${parameter:+word} If parameter is null or unset. the operator tests for both parameter ’s existence and that its value is not null. word is subject to tilde expansion. or when parameter is followed by a character that is not to be interpreted as part of its name. ${parameter:offset} ${parameter:offset:length} Expands to up to length characters of parameter starting at the character specified by offset. ${parameter:=word} If parameter is unset or null. if it is not interactive. Otherwise. length must evaluate to a number greater than or equal to zero. page 78). If parameter is ‘@’. ${parameter:−word} If parameter is unset or null. The value of parameter is then substituted.20 Bash Reference Manual than one digit. a level of variable indirection is introduced. the result is the length members of the array beginning with ${parameter[offset]}. if the colon is omitted. Omitting the colon results in a test only for a parameter that is unset. The exceptions to this are the expansions of ${!prefix* } and ${!name [@]} described below. exits. If offset evaluates to a number less than zero. Put another way. Positional parameters and special parameters may not be assigned to in this way. the expansion of word is assigned to parameter. If parameter is an indexed array name subscripted by ‘@’ or ‘*’. A negative offset is taken relative to one greater . the result is length positional parameters beginning at offset. In each of the cases below. the value of parameter is substituted. the value of parameter is substituted. nothing is substituted. otherwise the expansion of word is substituted. the expansion of word is substituted. When not performing substring expansion. expands to the substring of parameter starting at the character specified by offset. If the first character of parameter is an exclamation point (!). this variable is then expanded and that value is used in the rest of the substitution.5 [Shell Arithmetic]. if the colon is included. and arithmetic expansion. This is referred to as Substring Expansion. length and offset are arithmetic expressions (see Section 6. Bash uses the value of the variable formed from the rest of parameter as the name of the variable. the expansion of word (or a message to that effect if word is not present) is written to the standard error and the shell. This is known as indirect expansion. If length is omitted. the value is used as an offset from the end of the value of parameter. parameter expansion. Otherwise. command substitution. The exclamation point must immediately follow the left brace in order to introduce indirection. the operator tests only for existence. Bash tests for a parameter that is unset or null. ${parameter:?word} If parameter is null or unset. using the form described below. rather than the value of parameter itself.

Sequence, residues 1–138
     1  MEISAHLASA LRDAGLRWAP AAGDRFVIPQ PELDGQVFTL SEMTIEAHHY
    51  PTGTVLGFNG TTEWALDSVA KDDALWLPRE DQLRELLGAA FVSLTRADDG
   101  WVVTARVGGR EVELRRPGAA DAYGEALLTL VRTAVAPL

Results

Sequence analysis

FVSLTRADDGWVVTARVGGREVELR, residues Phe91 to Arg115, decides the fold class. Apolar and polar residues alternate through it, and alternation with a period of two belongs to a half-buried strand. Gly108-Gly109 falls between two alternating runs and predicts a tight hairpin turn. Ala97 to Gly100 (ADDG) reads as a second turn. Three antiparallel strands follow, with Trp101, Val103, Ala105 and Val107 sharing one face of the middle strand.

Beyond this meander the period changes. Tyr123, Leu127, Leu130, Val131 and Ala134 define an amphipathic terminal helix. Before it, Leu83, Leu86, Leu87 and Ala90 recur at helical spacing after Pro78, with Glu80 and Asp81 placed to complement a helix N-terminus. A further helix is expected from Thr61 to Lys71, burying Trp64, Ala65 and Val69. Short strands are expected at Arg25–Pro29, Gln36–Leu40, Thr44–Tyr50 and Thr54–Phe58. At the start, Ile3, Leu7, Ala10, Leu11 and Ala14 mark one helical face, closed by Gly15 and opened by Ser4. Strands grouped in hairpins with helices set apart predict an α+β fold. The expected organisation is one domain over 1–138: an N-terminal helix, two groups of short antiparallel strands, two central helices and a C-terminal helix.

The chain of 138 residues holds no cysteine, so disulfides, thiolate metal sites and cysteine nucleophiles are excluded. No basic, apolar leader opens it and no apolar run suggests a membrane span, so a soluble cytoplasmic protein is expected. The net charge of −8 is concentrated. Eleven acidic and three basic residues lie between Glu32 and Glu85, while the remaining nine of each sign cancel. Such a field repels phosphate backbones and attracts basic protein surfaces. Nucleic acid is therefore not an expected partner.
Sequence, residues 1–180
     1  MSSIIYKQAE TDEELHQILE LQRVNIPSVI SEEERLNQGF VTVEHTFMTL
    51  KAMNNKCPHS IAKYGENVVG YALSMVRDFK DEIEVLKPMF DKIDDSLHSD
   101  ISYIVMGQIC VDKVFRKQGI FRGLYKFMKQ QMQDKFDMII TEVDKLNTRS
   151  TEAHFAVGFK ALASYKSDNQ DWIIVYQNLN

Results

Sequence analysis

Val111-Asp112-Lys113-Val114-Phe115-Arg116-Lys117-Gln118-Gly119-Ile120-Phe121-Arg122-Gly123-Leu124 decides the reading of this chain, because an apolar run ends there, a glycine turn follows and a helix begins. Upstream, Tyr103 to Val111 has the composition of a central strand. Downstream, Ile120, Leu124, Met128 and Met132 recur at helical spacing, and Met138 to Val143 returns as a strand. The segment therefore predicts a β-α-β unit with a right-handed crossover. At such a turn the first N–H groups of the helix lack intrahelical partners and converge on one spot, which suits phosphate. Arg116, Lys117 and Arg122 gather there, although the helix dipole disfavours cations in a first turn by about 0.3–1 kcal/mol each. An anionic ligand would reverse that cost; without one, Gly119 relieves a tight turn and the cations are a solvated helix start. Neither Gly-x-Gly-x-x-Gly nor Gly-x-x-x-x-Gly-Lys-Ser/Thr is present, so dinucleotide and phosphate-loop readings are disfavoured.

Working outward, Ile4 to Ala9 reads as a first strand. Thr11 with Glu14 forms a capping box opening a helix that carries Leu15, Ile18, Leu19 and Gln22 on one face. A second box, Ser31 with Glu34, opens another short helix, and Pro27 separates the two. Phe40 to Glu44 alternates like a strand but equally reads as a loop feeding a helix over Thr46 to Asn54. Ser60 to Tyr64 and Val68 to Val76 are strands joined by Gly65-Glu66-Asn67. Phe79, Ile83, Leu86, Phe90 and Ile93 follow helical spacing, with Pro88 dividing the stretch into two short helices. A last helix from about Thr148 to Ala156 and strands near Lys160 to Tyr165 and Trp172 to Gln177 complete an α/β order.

If parameter is ‘@’ or ‘*’. the pattern removal operation is applied to each positional parameter in turn. If offset is 0. each key expands to a separate word.5. expands to 0 if name is set and null otherwise. then the result of the expansion is the expanded value of parameter with the shortest matching pattern (the ‘#’ case) or the longest matching pattern (the ‘##’ case) deleted. and the positional parameters are used. and the expansion is the resultant list. each variable name expands to a separate word. in which case the indexing starts at 1 by default. Note that a negative offset must be separated from the colon by at least one space to avoid being confused with the ‘:-’ expansion. If parameter is an array variable subscripted with ‘@’ or ‘*’. then the result of the expansion is the value of parameter with the shortest matching pattern (the ‘%’ case) or the longest matching pattern (the ‘%%’ case) deleted. page 24). If parameter is ‘*’ or ‘@’. If parameter is an array name subscripted by ‘*’ or ‘@’. Substring expansion applied to an associative array produces undefined results. If the pattern matches a trailing portion of the expanded value of parameter. ${!name[@]} ${!name[*]} If name is an array variable. ${parameter%word} ${parameter%%word} The word is expanded to produce a pattern just as in filename expansion. If the pattern matches the beginning of the expanded value of parameter.Chapter 3: Basic Shell Features 21 than the maximum index of the specified array. and the expansion is the resultant list. the pattern removal operation is applied to each member of the array in turn. separated by the first character of the IFS special variable. the pattern removal . Substring indexing is zero-based unless the positional parameters are used. If parameter is ‘@’ or ‘*’. ${!prefix*} ${!prefix@} Expands to the names of variables whose names begin with prefix. If name is not an array. ${parameter#word} ${parameter##word} The word is expanded to produce a pattern just as in filename expansion (see Section 3. ${#parameter} The length in characters of the expanded value of parameter is substituted. expands to the list of array indices (keys) assigned in name. When ‘@’ is used and the expansion appears within double quotes. the value substituted is the number of elements in the array. and the expansion is the resultant list. When ‘@’ is used and the expansion appears within double quotes. If parameter is an array variable subscripted with ‘@’ or ‘*’. the value substituted is the number of positional parameters. $@ is prefixed to the list. the pattern removal operation is applied to each positional parameter in turn.8 [Filename Expansion].